The only thing Liliuokalani, King, and Gandhi share is being imprisoned by governments headed by Caucasians.
In 1889 Liliuokalani had conspired with Robert Wilcox in a coup attempt against her brother, King Kalakaua. Seven men were killed and the Palace bungalow was blown up. Was that non-violence?
In the 1893 revolution Liliuokalani surrendered without a fight as a cynical strategic move. She wanted to buy time in hopes her friend Grover Cleveland, who would become President a few weeks later, would use U.S. power to put her back on the throne. A Queen sitting in her Palace giving up without a fight in the face of an armed revolution does not make her a practitioner of non-violent resistance or satyagraha.
During the Summer and Fall of 1893 President Cleveland's emissary to Hawaii tried hard to persuade Liliuokalani to agree to pardon the revolutionaries if they would step down and restore her to the throne. But she reportedly said she would behead them. Her repeated insistence on bloodthirsty revenge caused Cleveland's emissary to back away from making further suggestions to her. In a last-ditch effort in December he "ordered" Provisional Government President Dole to step down and restore the Queen, but Dole (understadably!) refused. Liliuokalani's insistence on bloodthirsty revenge, even to the extent of destroying efforts at mediation, is certainly not the way a practitioner of nonviolence should behave.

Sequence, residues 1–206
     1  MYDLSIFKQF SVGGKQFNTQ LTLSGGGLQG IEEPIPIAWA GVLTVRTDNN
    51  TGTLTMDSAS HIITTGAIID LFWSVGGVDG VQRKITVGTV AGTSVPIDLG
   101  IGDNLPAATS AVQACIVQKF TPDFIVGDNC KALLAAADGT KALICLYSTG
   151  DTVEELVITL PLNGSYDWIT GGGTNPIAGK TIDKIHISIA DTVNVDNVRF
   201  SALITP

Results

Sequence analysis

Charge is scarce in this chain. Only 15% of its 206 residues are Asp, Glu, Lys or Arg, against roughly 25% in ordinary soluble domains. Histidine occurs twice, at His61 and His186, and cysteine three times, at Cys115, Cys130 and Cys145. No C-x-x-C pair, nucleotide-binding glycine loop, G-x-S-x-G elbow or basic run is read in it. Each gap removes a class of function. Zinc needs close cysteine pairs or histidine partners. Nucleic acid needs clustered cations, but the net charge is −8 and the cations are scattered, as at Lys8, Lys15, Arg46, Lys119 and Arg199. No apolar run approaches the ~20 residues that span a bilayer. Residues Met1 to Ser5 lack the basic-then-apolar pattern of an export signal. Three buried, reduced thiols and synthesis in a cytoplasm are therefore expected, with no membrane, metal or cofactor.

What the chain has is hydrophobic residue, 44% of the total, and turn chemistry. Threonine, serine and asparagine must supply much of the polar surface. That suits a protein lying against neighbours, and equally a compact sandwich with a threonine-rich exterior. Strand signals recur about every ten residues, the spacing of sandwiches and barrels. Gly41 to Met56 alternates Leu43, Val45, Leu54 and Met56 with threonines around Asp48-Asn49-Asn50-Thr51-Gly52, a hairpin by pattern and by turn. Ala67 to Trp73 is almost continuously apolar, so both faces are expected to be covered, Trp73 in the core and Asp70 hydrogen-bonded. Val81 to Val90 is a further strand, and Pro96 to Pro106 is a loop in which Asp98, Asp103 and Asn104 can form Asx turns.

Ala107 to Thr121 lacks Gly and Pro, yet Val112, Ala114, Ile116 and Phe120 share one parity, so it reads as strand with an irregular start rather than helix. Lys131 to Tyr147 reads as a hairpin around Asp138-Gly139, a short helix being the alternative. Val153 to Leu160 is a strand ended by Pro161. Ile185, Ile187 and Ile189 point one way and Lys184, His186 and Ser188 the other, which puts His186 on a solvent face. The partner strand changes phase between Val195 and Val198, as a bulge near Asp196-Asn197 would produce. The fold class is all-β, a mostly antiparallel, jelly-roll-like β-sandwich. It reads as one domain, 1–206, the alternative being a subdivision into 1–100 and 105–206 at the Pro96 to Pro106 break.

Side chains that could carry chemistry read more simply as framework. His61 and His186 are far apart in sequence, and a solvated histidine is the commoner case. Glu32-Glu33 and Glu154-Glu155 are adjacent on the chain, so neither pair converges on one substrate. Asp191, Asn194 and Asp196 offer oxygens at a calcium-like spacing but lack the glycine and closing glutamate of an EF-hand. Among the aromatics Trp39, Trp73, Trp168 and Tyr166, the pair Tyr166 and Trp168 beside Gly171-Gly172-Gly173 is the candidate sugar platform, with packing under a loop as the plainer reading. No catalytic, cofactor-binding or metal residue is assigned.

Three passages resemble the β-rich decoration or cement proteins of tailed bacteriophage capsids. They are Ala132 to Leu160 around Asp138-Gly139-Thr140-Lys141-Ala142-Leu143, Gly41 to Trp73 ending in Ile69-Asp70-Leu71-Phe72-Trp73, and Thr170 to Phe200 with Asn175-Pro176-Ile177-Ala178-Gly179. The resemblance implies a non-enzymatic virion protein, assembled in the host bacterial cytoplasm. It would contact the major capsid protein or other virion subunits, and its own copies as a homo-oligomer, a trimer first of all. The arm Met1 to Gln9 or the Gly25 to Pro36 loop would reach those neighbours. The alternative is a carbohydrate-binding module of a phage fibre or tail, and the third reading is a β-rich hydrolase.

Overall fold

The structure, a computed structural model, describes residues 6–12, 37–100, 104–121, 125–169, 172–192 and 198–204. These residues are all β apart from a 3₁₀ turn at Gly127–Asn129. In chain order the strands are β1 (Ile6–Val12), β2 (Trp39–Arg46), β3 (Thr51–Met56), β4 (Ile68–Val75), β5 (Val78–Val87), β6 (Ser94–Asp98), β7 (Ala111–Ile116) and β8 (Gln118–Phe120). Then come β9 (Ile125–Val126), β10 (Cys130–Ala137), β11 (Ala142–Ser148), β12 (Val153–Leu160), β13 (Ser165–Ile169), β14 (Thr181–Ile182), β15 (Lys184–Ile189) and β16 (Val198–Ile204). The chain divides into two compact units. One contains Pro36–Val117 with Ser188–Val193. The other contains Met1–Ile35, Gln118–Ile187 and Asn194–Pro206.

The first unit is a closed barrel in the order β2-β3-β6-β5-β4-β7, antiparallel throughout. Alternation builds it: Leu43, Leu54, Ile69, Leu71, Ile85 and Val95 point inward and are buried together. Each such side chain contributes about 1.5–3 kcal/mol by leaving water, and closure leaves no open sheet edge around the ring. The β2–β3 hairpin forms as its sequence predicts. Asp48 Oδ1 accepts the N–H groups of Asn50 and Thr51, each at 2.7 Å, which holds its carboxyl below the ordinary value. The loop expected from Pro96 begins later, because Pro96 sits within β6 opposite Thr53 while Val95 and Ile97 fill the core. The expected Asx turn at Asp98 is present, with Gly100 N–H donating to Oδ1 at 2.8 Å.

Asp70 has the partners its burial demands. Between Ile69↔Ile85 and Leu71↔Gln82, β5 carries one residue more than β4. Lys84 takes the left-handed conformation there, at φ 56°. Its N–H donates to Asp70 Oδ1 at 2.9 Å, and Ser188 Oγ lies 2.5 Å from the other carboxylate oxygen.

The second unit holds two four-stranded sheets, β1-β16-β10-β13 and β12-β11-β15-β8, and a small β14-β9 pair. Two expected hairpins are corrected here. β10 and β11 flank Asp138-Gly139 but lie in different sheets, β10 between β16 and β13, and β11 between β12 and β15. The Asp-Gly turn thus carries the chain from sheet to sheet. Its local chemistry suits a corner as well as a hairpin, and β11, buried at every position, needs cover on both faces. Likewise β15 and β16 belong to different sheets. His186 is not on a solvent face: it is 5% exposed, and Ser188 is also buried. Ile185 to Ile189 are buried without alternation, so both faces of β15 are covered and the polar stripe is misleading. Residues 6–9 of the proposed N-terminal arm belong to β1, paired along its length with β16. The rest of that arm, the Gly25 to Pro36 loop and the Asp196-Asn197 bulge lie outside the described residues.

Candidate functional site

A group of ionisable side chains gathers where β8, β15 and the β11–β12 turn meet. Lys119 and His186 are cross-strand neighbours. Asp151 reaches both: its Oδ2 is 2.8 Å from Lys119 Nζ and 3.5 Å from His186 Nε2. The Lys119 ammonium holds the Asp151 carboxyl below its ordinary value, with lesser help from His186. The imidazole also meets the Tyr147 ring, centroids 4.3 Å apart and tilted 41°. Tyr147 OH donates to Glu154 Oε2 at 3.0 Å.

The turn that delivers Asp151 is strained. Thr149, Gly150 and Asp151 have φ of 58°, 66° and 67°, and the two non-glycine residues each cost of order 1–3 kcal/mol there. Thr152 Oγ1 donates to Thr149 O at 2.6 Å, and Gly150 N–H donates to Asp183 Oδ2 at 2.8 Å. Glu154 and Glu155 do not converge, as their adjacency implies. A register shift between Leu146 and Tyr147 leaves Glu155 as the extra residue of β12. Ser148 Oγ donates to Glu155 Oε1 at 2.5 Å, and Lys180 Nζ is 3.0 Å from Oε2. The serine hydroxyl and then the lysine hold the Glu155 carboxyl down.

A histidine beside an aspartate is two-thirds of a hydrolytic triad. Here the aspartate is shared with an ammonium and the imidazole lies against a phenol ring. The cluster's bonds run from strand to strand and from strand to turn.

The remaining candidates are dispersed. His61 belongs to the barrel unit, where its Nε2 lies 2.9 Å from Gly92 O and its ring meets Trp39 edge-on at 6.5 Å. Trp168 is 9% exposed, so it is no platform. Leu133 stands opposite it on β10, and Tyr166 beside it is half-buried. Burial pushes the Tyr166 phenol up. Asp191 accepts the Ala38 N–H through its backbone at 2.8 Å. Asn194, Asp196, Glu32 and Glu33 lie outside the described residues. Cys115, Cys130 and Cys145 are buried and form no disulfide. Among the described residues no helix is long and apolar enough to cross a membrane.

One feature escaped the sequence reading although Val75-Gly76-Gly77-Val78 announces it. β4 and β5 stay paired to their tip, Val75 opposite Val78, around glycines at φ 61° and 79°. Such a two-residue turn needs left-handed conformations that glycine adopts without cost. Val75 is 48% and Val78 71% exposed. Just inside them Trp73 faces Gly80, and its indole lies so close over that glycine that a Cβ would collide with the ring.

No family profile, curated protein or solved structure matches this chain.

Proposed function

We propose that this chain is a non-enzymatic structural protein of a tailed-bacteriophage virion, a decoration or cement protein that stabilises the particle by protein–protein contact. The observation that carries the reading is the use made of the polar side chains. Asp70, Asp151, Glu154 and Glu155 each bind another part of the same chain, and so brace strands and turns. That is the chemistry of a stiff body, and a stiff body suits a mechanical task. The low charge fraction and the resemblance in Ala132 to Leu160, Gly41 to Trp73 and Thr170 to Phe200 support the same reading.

Martin Luther King and Mahatma Gandhi both put their lives on the line numerous times in the face of violence directed against them close-up-and-personal. King and Gandhi understood a profound spiritual principle that allowed them to harness the inner core of goodness found buried deep inside even the worst racist. They walked in front of their enemies, knowing they would be beaten and abused; but also knowing that their enemies' inner core would rise to the surface and eventually convert them (or at least convert onlookers) to friends.